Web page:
The horror that all this leads to are now plain to see, at least to anyone able to see; a world without quality. A wastelend. By ruling out the irrational, utilitarianism cuts the elusive qualitative ground away from the morality it hopes to manufacture. Quality — truth, beauty, morality, meaning, freedom, etc. — is and can only be rationally understood, by the utilitarian, quantitatively — which is to say, not at all. It is ignored or it is destroyed. All qualities, such as ethical truth, aesthetic beauty, unconditional love and so on, are viewed by the utilitarian thinker as quantitative, measurable things (or thing-like processes). And this is exactly why the buck stops at utility; for without quality what else can there be? There certainly cannot be an ineffable, or rationally baffling ground to ethics. Such realities are meaningless to the rationalist and ruled out from the very start by the utilitarian, who instantly and automatically (and usually contemptuously) conflates irrational quality with deontological magic-making.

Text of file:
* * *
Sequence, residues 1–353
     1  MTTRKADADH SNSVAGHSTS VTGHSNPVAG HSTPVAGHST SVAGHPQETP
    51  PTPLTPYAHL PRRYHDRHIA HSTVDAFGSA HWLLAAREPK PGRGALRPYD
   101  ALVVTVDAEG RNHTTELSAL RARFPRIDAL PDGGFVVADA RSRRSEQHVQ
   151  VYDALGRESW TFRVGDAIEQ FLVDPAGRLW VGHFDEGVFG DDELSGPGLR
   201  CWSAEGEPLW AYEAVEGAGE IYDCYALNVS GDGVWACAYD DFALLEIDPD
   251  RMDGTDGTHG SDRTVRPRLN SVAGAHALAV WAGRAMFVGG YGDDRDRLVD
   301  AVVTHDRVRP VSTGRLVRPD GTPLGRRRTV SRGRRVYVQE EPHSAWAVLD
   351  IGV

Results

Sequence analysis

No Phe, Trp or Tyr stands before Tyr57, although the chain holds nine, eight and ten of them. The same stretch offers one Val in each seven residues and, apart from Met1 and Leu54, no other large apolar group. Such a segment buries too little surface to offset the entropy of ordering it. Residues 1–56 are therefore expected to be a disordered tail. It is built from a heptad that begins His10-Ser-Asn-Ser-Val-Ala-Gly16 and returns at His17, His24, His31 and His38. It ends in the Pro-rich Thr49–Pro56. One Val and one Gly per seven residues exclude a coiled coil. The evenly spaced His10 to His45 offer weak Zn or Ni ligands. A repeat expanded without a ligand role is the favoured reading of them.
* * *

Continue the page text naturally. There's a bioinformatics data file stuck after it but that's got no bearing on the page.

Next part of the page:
So here we are in a world in which everything is managed for the greater good. Or perhaps we aren’t. Perhaps it’s actually being managed for the utility of wealthy folk. Perhaps we need communism or socialism to do the job better, so that everyone’s score goes up? It really doesn’t matter. Utilitarianism, like technolatry, cuts across political ideologies. Both capitalism and communism (not to mention nominally theocratic societies) are predicated on the same rationalism and both terminate in the same more or less perfectly realised (or shoddily put-together) rational machine world, which is why we never select virtuous, creative, sensitive or wise leaders — only those able to realise rational, technically conceived, utilitarian projects. That these machine people may or may not succeed in clothing, housing, feeding or giving jobs to x number of people, under their flags of socialism or capitalism, is, however, ultimately (ultimately I say — obviously it is relatively good if there is less hunger) neither here nor there; because utilitarianism does not and cannot work. It destroys everything it pretends to save.

Seven Problems with Utilitarianism